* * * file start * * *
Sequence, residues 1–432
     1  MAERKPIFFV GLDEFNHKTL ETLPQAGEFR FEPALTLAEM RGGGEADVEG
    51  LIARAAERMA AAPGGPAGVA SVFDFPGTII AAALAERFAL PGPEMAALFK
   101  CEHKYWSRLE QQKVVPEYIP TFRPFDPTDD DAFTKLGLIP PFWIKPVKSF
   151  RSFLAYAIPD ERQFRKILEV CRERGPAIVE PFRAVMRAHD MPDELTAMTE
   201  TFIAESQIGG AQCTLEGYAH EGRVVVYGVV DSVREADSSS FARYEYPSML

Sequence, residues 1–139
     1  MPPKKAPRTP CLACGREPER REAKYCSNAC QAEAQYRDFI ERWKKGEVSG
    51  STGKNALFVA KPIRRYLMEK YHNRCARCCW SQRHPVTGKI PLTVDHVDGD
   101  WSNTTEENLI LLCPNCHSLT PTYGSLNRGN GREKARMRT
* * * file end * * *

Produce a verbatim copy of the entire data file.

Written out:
Sequence, residues 1–432
     1  MAERKPIFFV GLDEFNHKTL ETLPQAGEFR FEPALTLAEM RGGGEADVEG
    51  LIARAAERMA AAPGGPAGVA SVFDFPGTII AAALAERFAL PGPEMAALFK
   101  CEHKYWSRLE QQKVVPEYIP TFRPFDPTDD DAFTKLGLIP PFWIKPVKSF
   151  RSFLAYAIPD ERQFRKILEV CRERGPAIVE PFRAVMRAHD MPDELTAMTE
   201  TFIAESQIGG AQCTLEGYAH EGRVVVYGVV DSVREADSSS FARYEYPSML

Sequence, residues 1–139
     1  MPPKKAPRTP CLACGREPER REAKYCSNAC QAEAQYRDFI ERWKKGEVSG
    51  STGKNALFVA KPIRRYLMEK YHNRCARCCW SQRHPVTGKI PLTVDHVDGD
   101  WSNTTEENLI LLCPNCHSLT PTYGSLNRGN GREKARMRT